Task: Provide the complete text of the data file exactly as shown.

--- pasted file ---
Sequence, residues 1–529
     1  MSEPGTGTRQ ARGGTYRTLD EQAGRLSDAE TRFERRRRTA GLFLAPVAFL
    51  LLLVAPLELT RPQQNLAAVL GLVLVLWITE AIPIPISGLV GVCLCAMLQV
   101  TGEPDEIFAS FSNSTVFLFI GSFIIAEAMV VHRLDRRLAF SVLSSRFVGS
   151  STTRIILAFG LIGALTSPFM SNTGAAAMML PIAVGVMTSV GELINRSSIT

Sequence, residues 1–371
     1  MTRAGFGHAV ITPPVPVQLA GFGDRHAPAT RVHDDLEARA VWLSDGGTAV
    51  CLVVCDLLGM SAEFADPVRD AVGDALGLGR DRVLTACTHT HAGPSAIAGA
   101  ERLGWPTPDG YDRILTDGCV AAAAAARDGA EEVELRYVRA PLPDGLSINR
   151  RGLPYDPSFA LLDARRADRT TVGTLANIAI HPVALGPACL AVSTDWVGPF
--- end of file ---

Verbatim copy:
Sequence, residues 1–529
     1  MSEPGTGTRQ ARGGTYRTLD EQAGRLSDAE TRFERRRRTA GLFLAPVAFL
    51  LLLVAPLELT RPQQNLAAVL GLVLVLWITE AIPIPISGLV GVCLCAMLQV
   101  TGEPDEIFAS FSNSTVFLFI GSFIIAEAMV VHRLDRRLAF SVLSSRFVGS
   151  STTRIILAFG LIGALTSPFM SNTGAAAMML PIAVGVMTSV GELINRSSIT

Sequence, residues 1–371
     1  MTRAGFGHAV ITPPVPVQLA GFGDRHAPAT RVHDDLEARA VWLSDGGTAV
    51  CLVVCDLLGM SAEFADPVRD AVGDALGLGR DRVLTACTHT HAGPSAIAGA
   101  ERLGWPTPDG YDRILTDGCV AAAAAARDGA EEVELRYVRA PLPDGLSINR
   151  RGLPYDPSFA LLDARRADRT TVGTLANIAI HPVALGPACL AVSTDWVGPF